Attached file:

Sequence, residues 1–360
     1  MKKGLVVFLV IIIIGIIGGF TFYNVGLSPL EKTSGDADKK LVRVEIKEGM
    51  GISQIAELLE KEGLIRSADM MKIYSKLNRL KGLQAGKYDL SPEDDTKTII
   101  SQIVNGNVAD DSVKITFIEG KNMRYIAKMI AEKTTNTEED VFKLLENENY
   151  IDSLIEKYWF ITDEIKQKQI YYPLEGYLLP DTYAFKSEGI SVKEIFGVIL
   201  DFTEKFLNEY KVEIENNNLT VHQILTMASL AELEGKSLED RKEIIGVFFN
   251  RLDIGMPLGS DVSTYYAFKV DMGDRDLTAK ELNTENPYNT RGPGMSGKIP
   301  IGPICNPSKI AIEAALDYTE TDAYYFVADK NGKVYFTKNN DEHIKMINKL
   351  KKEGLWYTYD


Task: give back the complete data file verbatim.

Sequence, residues 1–360
     1  MKKGLVVFLV IIIIGIIGGF TFYNVGLSPL EKTSGDADKK LVRVEIKEGM
    51  GISQIAELLE KEGLIRSADM MKIYSKLNRL KGLQAGKYDL SPEDDTKTII
   101  SQIVNGNVAD DSVKITFIEG KNMRYIAKMI AEKTTNTEED VFKLLENENY
   151  IDSLIEKYWF ITDEIKQKQI YYPLEGYLLP DTYAFKSEGI SVKEIFGVIL
   201  DFTEKFLNEY KVEIENNNLT VHQILTMASL AELEGKSLED RKEIIGVFFN
   251  RLDIGMPLGS DVSTYYAFKV DMGDRDLTAK ELNTENPYNT RGPGMSGKIP
   301  IGPICNPSKI AIEAALDYTE TDAYYFVADK NGKVYFTKNN DEHIKMINKL
   351  KKEGLWYTYD